My Week in Comics: May 20, 2011

It's Friday! Friday! Gotta get down on Friday with the most verbose comic book reviews around! What did I get myself into this week? Read on to find out!

Uncanny X-Force #10 has Angel/Archangel facing a moral dillemma when a reporter discovers the existence of X-Force. With the evil Archangel slowly but surely taking control of Warren's mind and body, it's only a matter of time until blood flows freely in the pursuit of keeping X-Force's secret hidden!

Rick Remender paints an interesting picture on the lengths the X-Force will go through to protect their secret, but it reads more like a stepping stone to their next mission than a full story. At the very least, we feel for Warren's struggle with his inner Horseman, and when he gets out of control, his showdown with Wolverine is raw and personal. Billy Tan and Rich Elson's art serves the story well enough, but in the end you're just waiting for the next issue. Sad, since I wanted this (like any other comic) to be good enough to stand on its own. This is a 3 out of 5.

Laura's reminded of all the very bad things she's done in the past, and in X-23 #10, she's gone the way of the emo. Can Gambit bring her out of that rut? How about Wolverine...and vampire Jubilee?

Writer Marjorie Liu dials it back for some sweet and personal character moments. She sheds light on her relationship with Wolverine, and even Wolverine relationship with both X-23 and Wolverine, bringing up another interesting dynamic I'd love to see play out. It's nice to see Liu take a character like X-23 and really own her, molding her into a character with its own unique voice. A little action wouldn't have hurt, but that's just me. Sana Takeda does her best on art duties here, and her Jubilee is adorable, even with the fangs! Good for X-23 fans, not so much for comic book readers looking for more bang for their buck. This is a 3 out of 5.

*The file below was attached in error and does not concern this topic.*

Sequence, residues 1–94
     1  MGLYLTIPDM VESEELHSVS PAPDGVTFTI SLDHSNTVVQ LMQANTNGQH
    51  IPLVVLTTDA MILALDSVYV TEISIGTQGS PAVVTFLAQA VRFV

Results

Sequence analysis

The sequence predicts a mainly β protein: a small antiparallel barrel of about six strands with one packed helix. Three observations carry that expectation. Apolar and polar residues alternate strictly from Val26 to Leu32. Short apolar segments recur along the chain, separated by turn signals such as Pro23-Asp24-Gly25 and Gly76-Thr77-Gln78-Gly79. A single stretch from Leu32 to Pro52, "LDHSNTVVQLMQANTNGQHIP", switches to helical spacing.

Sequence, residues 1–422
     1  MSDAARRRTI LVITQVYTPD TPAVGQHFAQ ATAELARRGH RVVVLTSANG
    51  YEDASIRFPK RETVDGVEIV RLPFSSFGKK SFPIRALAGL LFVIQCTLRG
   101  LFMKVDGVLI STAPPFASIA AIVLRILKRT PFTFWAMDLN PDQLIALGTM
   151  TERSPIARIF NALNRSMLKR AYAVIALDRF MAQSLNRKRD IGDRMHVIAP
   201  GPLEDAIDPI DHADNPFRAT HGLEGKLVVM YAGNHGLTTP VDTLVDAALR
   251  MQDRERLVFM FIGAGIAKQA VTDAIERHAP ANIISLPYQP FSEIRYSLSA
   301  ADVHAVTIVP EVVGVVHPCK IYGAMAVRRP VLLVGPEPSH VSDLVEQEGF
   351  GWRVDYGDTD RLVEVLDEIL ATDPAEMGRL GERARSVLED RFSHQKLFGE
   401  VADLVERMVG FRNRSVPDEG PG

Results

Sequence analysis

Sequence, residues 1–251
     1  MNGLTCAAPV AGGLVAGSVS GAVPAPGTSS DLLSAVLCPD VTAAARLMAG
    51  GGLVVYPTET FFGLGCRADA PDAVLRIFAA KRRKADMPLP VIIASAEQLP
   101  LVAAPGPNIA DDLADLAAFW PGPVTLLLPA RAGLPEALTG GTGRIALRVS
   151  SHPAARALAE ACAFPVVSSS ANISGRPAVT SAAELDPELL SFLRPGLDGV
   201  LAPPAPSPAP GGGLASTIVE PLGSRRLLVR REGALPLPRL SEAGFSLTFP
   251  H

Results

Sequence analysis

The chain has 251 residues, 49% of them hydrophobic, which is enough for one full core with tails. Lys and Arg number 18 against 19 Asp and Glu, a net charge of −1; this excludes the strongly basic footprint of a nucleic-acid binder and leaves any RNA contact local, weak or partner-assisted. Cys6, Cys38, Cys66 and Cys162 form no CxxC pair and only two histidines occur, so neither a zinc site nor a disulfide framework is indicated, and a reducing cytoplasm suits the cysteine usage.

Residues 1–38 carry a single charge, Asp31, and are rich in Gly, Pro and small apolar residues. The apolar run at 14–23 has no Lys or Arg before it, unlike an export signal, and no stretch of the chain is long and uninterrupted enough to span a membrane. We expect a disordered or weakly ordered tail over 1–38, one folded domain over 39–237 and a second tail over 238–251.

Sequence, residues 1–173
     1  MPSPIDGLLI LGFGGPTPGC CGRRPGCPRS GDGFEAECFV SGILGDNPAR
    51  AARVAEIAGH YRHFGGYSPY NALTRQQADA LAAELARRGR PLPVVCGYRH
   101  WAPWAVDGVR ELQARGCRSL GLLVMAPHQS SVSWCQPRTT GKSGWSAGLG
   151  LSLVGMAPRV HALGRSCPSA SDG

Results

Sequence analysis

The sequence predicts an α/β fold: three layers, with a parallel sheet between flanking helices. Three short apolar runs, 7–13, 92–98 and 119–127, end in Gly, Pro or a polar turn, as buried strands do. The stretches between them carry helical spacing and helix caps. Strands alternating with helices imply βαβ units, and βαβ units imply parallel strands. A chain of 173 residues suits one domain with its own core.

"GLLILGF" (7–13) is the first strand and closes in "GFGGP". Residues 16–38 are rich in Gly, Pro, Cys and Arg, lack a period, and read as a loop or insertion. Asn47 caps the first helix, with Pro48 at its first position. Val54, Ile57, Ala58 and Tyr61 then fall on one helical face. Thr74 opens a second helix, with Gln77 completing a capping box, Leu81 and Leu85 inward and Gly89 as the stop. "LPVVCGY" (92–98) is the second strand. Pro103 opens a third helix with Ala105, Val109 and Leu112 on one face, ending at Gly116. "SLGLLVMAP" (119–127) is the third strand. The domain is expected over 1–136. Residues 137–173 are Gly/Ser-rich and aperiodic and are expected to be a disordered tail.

And so we come to Rocketeer Adventures #1, an anthology of stand-alone stories from industry heavyweights like Mike Allred, Kurt Busiek and John Cassaday. For the young ones out there, the Rocketeer is a pulp-inspired hero created by Dave Stevens. The Rocketeer is Cliff Secord, a stunt pilot who discovers an experimental jetpack, which he used to go on daring adventures. He was popular enough to get a feature film out in 1991, and when I was a kid I enjoyed it very much. Now he's flying back into the spotlight. How will he fare in this industry today?

From the looks of it, he'll be faring very well.

The stories inside stay faithful to the Rocketeer's pulp roots, which makes it really fun to read. John Cassaday's intro adventure brings readers up to speed with what the Rocketeer can do, and his art just brings you back to the 1940's. Cassaday also draws a perfect Betty (Cliff's girlfriend, modeled after pinup model Betty Page), so much so I'm falling in love with the story because of her alone! Mike and Laura Allred's funky take on the Rocketeer is also fun, albeit a little psychedelic. Kurt Busiek is another favorite, presenting a sweet love story between Cliff and Betty set in the backdrop of the tail end of World War 2.

All the stories are neat little takes on the Rocketeer, and I enjoyed each and every one. At almost $4/P200, Rocketeer Adventures #1 is a steal. With three great stories coupled with great art, the Rocketeer returns to the comic book page with jetpack blazing. This is a 5 out of 5. Pick this up now!

I for one welcome the Rocketeer back into comics! I hope you will too! What did you think of the comics that came out this week? Let's talk about it via the comment box below! Thanks for reading!

Post a Comment